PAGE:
There is a sign on the front of the house that reads “For Sale By Owner” and gives a New York City phone number.

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By Charles Layton

After refusing for 17 months to install a fire alarm system in his boarded-up hotel, the Park View Inn, Marshall Koplitz has finally agreed, under considerable legal pressure, to do so.

Neighbors living near the 23 Seaview Avenue property had complained for years that it was a fire hazard. In August of 2010, the Ocean Grove fire inspector discovered that the building’s automatic fire alarm system had been removed. When Koplitz refused orders to replace the missing alarm system, the Board of Fire Commissioners issued violations, began levying fines of $1,000 per day and, last September, took their case to Superior Court.

On Wednesday, Koplitz’ lawyer informed the Township that he would install the alarm system.

In a letter dated February 14, the lawyer, Michelle Lebovitz Lamar, informed Township Attorney Gene Anthony that Koplitz had arranged to have electric service reintroduced into the building, and that once that is done “The automatic fire alarm system should be operational by the end of the week.” That letter was in response to an inquiry from Anthony at the request of Committeewoman Mary Beth Jahn.

In arguments last February before the County Construction Board of Appeals, Koplitz’ attorney had argued that the building was not in danger of catching fire because the interior had been gutted and debris cleared from the floors. The Board of Appeals disagreed, stating in its written opinion that the building was “extremely susceptible to the rapid spread of fire” which would be “a significant threat of harm to neighboring structures and occupants.”

When Koplitz still refused to install the alarm system, the Fire Commissioners appealed in Superior Court. Meanwhile, the Commissioners continued to levy fines of $1,000 per day for every day Koplitz remained out of compliance. At that rate, by Blogfinger’s unofficial count, those accumulated fines would total $265,000 as of Wednesday of this week.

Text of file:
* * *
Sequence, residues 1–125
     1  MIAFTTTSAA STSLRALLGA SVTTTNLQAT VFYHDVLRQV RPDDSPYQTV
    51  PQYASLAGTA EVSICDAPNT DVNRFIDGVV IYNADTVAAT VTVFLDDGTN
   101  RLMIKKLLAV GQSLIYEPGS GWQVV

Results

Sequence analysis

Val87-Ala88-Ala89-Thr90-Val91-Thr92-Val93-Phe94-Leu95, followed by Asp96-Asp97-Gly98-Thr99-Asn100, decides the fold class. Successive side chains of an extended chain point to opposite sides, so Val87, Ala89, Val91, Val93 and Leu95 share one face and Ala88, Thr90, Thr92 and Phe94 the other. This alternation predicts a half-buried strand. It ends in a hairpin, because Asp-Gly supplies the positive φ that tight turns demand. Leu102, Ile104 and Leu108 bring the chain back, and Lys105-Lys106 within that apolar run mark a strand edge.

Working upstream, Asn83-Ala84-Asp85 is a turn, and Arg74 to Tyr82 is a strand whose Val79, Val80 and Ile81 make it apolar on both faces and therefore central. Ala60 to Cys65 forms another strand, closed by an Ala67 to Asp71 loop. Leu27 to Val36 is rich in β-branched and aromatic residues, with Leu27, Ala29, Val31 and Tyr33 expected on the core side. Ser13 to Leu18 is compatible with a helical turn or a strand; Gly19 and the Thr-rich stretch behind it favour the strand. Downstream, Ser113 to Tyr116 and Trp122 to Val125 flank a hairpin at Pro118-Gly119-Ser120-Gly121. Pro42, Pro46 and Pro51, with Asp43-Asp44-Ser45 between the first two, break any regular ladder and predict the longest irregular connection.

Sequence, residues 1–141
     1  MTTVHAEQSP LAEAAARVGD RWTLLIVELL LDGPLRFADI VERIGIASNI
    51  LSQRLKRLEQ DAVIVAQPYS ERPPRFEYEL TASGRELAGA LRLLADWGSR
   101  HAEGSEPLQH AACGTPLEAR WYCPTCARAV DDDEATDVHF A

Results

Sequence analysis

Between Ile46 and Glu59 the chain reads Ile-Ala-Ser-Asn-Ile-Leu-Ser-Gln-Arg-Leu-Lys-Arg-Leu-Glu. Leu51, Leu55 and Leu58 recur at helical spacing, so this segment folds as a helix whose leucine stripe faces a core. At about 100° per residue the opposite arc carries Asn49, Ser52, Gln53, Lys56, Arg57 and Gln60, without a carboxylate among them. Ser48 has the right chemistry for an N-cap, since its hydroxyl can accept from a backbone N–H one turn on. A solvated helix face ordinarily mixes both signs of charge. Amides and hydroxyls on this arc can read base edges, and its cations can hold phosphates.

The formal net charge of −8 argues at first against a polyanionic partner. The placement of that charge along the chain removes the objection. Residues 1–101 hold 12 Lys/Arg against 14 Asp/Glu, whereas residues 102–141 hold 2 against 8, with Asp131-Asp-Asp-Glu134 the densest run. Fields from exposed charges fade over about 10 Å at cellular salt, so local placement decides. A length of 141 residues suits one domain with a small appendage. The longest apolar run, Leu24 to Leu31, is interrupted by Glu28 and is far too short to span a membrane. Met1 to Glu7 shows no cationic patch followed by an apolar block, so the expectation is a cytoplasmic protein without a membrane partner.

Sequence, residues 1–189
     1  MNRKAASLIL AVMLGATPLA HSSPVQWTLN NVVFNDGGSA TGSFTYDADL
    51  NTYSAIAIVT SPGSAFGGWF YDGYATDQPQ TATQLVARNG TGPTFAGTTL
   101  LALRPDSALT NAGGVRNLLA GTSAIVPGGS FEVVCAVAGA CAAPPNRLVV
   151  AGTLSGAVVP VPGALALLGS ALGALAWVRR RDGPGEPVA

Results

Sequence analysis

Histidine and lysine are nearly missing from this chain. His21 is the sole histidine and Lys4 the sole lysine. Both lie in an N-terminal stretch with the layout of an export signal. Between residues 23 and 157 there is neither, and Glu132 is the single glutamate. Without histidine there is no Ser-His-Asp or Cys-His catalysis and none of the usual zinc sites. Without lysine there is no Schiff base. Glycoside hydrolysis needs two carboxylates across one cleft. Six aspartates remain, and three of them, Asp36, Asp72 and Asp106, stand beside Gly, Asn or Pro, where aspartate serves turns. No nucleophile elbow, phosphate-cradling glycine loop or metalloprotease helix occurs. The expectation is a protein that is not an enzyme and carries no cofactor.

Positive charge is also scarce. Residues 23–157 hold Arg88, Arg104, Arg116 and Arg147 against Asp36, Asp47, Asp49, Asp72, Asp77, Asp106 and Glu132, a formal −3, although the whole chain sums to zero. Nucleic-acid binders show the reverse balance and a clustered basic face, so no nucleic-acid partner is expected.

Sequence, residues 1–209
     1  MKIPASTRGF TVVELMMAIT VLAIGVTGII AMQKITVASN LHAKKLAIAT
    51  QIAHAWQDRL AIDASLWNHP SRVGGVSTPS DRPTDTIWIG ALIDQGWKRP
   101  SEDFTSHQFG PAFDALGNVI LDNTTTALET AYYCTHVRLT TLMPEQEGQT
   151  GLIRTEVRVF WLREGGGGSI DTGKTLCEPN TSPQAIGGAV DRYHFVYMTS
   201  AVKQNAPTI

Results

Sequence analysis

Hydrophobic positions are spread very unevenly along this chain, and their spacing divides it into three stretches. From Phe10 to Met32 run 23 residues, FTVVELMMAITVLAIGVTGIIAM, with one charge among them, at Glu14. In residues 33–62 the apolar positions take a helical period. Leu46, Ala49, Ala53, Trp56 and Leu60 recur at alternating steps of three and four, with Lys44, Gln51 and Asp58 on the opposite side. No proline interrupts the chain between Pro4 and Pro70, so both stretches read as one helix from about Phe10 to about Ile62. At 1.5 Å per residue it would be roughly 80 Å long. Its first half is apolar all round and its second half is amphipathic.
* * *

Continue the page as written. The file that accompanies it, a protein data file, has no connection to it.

There was no immediate word from the Fire Commissioners as to whether they intend to ask the Superior Court to order Koplitz to pay any or all of those outstanding fines.

“This is good news,” said Ted Bell, when informed about the letter to Anthony. Bell was one of the area residents who collected 33 signatures on a petition in July, 2010, urging the Township to take action against Koplitz. “Where will the alarm monitoring system be located? The Ocean Grove firemen and the Neptune construction officials should have some input on this — it should be monitored 24 hours per day, seven days a week.”

For more on the alarm system issue, go here.

Marshall Koplitz at HPC meeting, December 13, 2011. Photo by Charles Layton

Koplitz and his brother and business associate, Elliott Koplitz, have allowed the Park View to deteriorate for many years. However, since July 28 they have been under a Municipal Court plea agreement with the Township to restore the building as a 31-room hotel. The Historic Preservation Commission has approved plans for the restoration. For background on that issue, go here and also here and here.